Category Archives: Egypt

“Drink the sea”

In an editorial today in Al-Masry Al-Youm, the editor-in-chief put forth his opinion about the recent controversy surrounding his censorship of the newspaper where I work, which is (confusingly) the English-language sister (cousin? resentful stepson?) of his newspaper. I’m posting an English translation for people who are unfortunately like me and require many hours with a dictionary in order to sort of understand a long opinion article in Arabic. (The translation was done by an excellent translator. I can put you in touch if you want.)

For background on the whole situation, you can read our own editorial on the whole fracas here or an article by the author of the censored article here. The original article is here. You can read a parody of the editorial below here. I’ll add my own thoughts at some point, but wanted to make sure that the English translation was available in all its glory. Also, I want to add that this is far and away not at all the most important thing in Egypt right now or even of interest to many people.

Put that in your pipe and smoke it!

By Magdi el-Gallad

I thank God for his several blessings, one of which is that I am thick-skinned: I only contemplate objective criticism. Another of God’s blessings on me is that I do not fear but my Creator, for no harm can befall me unless God has written it.

Yet another of the blessings God has bestowed on me is that, like you all, I was born of Egyptian land and have learned to cherish my Egyptian nationality and to act in the belief that my country is a major power.

The fact that we have survived decades of degeneration should not make us think of ourselves as standing in an inferior position with regards to the West. Half a century of events will eventually be written in three lines in history books and Egypt will rise, because we will not abandon it, no matter what crises we face.

Neither American writer Robert Springborg, nor British Independent’s correspondent Alistair Beach are able to grasp this culture, belief or that kind of loyalty to a nation that has taught its people to die for its defense.

Both of them, as well as others who live among us but are bedazzled by the lights of the West, are not aware that a genuine Egyptian cannot be blackmailed, pressured or threatened. They heaped pressure on Al-Masry al-Youm to publish an article for Springborg in the pilot English supplement inciting Egyptian army officers and Sami Anan, the chief of Staff of the Armed Forces, to mount a coup and seize power, particularly following the results of the first phase of elections, claiming Field Marshal Tantawi is allied to the Islamic wave.

Believing the English supplement staff were well-intentioned, I assumed they lacked sufficient experience or did not recognize who the American writer was. But because I know who he is quite well, I stopped at the article, read it over and over and decided not to run it.

I did not take into account the writer, the country he belongs to, or to its bloody practices across the world. Nor did I fear his ensuing bellowing in the Independent or Foreign Policy.

I could not care less for the broken record about freedom of speech, employed by the West to achieve its nefarious ends against us, when it suppresses those freedoms to protect its interests and national security.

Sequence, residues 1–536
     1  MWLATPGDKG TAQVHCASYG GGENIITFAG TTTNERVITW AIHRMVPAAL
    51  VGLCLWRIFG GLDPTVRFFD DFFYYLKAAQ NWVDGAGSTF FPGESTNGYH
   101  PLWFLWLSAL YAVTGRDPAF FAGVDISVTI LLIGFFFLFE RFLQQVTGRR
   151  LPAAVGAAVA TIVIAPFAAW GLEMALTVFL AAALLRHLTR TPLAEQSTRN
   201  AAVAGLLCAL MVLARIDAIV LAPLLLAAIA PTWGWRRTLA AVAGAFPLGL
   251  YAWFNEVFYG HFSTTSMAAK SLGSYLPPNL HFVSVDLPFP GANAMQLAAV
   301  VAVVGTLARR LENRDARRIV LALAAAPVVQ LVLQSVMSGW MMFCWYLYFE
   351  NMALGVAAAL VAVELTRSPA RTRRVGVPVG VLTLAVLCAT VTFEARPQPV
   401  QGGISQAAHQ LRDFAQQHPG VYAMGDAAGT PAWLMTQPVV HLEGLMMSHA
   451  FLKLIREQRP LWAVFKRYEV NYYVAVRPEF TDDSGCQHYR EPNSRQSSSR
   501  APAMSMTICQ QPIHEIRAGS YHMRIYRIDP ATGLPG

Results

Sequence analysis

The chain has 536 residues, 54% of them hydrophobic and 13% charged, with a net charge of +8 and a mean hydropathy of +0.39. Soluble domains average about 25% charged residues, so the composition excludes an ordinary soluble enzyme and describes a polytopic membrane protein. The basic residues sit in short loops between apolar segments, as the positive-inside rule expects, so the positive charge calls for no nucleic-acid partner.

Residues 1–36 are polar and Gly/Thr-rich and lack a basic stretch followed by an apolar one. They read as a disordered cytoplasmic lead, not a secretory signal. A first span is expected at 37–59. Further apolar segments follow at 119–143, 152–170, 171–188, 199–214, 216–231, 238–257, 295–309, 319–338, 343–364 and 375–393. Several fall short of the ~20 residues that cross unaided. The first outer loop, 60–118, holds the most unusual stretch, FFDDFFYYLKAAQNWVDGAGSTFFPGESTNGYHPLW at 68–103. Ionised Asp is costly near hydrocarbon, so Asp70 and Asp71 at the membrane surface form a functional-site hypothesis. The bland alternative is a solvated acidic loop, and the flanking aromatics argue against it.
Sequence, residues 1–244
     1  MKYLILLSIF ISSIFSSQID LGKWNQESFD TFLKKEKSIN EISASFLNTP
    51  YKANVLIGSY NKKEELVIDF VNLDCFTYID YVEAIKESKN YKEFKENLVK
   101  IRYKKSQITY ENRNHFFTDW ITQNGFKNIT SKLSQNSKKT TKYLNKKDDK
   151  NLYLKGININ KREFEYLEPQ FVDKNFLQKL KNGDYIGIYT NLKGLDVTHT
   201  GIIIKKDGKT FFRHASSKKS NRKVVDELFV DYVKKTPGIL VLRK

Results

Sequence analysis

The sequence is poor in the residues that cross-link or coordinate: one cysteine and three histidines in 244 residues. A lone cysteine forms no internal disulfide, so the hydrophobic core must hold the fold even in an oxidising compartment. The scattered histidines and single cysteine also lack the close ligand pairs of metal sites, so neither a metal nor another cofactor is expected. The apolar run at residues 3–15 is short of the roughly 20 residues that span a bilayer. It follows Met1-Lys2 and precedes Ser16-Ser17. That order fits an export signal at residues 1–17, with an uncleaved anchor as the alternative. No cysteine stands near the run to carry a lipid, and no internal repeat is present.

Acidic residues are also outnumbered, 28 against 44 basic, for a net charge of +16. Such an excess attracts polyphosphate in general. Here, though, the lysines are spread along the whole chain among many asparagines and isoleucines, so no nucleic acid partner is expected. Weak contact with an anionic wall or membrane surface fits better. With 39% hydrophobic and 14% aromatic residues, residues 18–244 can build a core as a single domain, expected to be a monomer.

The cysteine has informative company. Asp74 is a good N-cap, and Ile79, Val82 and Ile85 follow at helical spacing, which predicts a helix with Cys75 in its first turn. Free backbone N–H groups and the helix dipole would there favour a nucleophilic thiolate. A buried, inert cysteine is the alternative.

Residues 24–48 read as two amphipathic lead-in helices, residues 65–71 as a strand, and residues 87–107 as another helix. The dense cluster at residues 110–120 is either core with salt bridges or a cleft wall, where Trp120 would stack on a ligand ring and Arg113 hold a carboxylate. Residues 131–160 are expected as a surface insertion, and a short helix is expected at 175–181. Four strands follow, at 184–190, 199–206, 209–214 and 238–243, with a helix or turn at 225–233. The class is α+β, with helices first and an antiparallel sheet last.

Springborg and those backing him are unfortunately faced with a man who cannot be blackmailed, who is not West-struck or ultra-impressed by Western press. I think of myself as equal to them, even superior, most of the time.

For those who do not know, Springborg is the Program Manager for the Middle East for the Center for Civil-Military Relations, a government center affiliated to the US naval forces and a branch of the Pentagon. So, do you now know who the writer is and who is inciting Egyptian officers and the Chief of Staff to launch a coup?

He believes that the attack he and some people in Egypt are launching against me will push me to change mind on a choice I have made based on national interest. But for me, one black strand of hair from an Egyptian child in the heart of Upper Egypt is of greater value than his country or the entire West.

He works for the US Pentagon, whereas I work for the simple Egyptian citizen. He derives his arrogant power from the American arsenal, while I find protection in satisfying a poor man in some impoverished Egyptian neighborhood.

He and those allied to him are using the internet to arouse people against, while I seek refuge in the soil of may land which they want to occupy through creating chaos and inciting military coups, squishing Egypt back to square one.

He thought that our occasional disagreement with the ruling Supreme Council of the Armed Forces (SCAF) and the Islamic wave were going to pave the way for him to realise his evil schemes. But to him I say, “Our beliefs and civilisation teach us that disagreement is a mercy but the army, Islamists, liberals and all 87 million Egyptians are citizens are breastfed to love this homeland which the West wants to hijack.”

To that Springborg and those behind him I say that we insist on refusing to run his article. Al-Masry Al-Youm’s opinion writers, of whom I am one, criticise the SCAF extensively–but they are free Egyptian citizens who do not work for the US Pentagon.

Those in the US and its servant Britain who are not happy with what I have written might as well put that in their pipe and smoke it!